How Dun & Bradstreet can help

Dun & Bradstreet, a leading global provider of B2B data, insights and AI-driven platforms, helps companies around the world grow and thrive. Dun & Bradstreet’s Data Cloud contains over 400 million entities, fueling solutions and delivering insights that help customers to accelerate revenue, lower cost, mitigate risk, and transform their businesses. The impact of the pandemic is felt across the business spectrum - from sole proprietors to multi-national corporations. What is different is the magnitude to which these businesses are affected. The key to sustain, survive and thrive during these times is to leverage data to turn risks into opportunity. We highly recommend that business leaders:

  • Strike the right balance between risks and opportunities in business relationships is crucial to growing profitability.
  • Monitor country, sector and counter-party risks will help businesses to incorporate macro and micro analyses and forecasts into short, medium and long-term planning. This also helps to limit and payment delinquency risks, guide cash flow management decisions based on anticipated changes in credit risks and facilitate changes to strengthen the integrity of the supply chains.
  • Recognize that a global view enables mitigation of emerging cross-border risks, and the ability to grasp growth opportunities wherever they are in a timely way.
  • Understand that business agility can be the biggest asset for commercial viability, especially during unprecedented times.
  • Appreciate that the pandemic has accelerated changes that were already underway, such as remote working, the expansion of e-commerce and an increase in cashless transactions. Staying connected to meaningful changes is crucial as businesses face constantly changing interventions and regulations.

And remember that businesses do not have to do it alone. Dun & Bradstreet’s insights can help businesses navigate short-term crises and support their long-term growth efforts. Please contact your Dun & Bradstreet Account Manager today to learn how to manage your risk profile properly and plan for sustainable success.

Top ten risks

Ranking Region Risk Likelihood of Event (%) Global Impact (1-5) Global Business Impact Score (1-100)
1 Pan-regional The global pandemic, affecting emerging-market and advanced countries alike with its impacts on profits, employment and tax revenues, brings an unprecedented fiscal emergency that extends into 2022, damaging all grades of sovereign creditworthiness into the medium term. 60 4 48
=2 North America An exponential rise in Covid-19 infections in the US forces the extension of lockdowns into Q1 2021, severely sapping global demand for goods and services, weakening the recovery and prolonging the global recession. 65 3 39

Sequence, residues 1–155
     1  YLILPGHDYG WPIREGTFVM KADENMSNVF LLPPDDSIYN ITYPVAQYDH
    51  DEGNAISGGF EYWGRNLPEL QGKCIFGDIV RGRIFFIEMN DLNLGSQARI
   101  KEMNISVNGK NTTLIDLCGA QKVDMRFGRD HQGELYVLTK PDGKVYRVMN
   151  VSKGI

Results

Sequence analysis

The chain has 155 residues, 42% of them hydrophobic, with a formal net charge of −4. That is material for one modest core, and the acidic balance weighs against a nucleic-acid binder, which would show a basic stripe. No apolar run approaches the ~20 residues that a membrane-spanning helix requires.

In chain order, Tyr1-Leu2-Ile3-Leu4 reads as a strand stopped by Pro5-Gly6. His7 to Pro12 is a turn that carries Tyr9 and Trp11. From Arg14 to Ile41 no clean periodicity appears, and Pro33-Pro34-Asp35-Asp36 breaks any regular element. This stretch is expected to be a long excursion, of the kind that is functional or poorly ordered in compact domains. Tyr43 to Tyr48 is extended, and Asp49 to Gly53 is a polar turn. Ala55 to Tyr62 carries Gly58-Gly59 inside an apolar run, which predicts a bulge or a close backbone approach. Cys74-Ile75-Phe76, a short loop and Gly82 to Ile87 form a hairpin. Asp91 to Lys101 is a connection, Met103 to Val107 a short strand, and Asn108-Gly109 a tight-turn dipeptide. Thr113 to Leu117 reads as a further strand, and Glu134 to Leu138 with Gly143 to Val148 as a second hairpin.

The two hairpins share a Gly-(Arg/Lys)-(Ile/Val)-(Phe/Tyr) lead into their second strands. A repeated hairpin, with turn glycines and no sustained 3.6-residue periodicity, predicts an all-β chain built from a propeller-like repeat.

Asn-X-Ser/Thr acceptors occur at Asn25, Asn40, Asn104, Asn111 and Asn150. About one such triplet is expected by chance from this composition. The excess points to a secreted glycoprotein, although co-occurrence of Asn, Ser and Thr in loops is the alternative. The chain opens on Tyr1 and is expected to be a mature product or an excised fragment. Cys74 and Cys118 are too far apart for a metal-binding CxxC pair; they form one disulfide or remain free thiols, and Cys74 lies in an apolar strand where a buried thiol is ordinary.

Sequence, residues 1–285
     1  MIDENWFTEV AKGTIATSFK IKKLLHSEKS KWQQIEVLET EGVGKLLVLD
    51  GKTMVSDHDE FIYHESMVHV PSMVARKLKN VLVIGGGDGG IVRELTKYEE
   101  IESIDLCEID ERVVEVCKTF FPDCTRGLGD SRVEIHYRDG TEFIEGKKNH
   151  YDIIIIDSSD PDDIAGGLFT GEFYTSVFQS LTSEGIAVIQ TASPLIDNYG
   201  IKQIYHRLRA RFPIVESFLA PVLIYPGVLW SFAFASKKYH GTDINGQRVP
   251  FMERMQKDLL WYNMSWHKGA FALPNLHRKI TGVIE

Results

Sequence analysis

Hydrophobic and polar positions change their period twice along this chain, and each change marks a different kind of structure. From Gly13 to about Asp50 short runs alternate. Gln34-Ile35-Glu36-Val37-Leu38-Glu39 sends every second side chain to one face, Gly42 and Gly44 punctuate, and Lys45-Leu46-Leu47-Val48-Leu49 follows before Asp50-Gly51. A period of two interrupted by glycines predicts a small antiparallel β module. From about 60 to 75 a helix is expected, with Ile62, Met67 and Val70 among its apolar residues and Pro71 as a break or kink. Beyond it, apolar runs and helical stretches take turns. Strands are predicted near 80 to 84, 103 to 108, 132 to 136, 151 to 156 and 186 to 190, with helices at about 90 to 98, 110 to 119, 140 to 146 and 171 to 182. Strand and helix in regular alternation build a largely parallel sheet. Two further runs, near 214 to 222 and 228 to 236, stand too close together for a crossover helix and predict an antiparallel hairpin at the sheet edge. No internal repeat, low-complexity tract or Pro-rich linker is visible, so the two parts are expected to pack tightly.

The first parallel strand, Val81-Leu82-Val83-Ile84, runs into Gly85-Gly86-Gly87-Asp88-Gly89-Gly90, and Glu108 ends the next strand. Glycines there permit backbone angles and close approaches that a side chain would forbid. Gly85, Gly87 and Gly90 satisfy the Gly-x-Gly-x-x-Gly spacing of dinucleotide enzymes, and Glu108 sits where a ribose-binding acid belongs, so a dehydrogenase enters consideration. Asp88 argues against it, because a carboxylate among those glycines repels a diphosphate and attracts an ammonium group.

=2 North America Subsequent rounds of fiscal support approved by Congress for households and businesses fall short, contributing to higher SME bankruptcies and a severe slowdown in the jobs recovery, significantly weakening the economic rebound in 2021. 65 3 39
=4 Pan-regional Global equity valuations deteriorate as it becomes clear that depressed productivity levels in urban areas (due to indefinite social distancing) mean that leading economies will struggle for years to return to normality. 50 3 30
=4 Pan-regional The fallout from Covid-19 raises long-term unemployment significantly, heralding populist governments with nationalist identities in the democracies, and increased anti-government protests in authoritarian countries; with both impacting negatively on the global business operating environment. 50 3 30
=4 Asia-Pacific Lockdowns in South and Southeast Asia fail to contain the disease by 2021, resulting in a structural depression in trade and investment for low- and low/medium-income countries and harming their global interconnectedness. 50 3 30
=7 West & Central Europe Lockdown measures in West and Central Europe have to remain in place until Q2 2021, thereby prolonging the damage caused by the pandemic. 35 4 28
=7 Pan-regional Failure by the population in advanced countries to take up the approved vaccines in sufficient numbers means that Covid-19 remains an issue well into 2022, curtailing any rebound in business activity. 35 4 28
=9 North America North American travel restrictions contribute to severe economic contraction among Latin America and Caribbean economies that rely heavily on US and Canadian tourism for government revenue and foreign exchange. 60 2 24
=9 Pan-regional The inability to quickly distribute approved Covid-19 vaccines to a critical mass of individuals in the emerging economies results in a prolonged period of recovery and long-term economic scarring. 60 2 24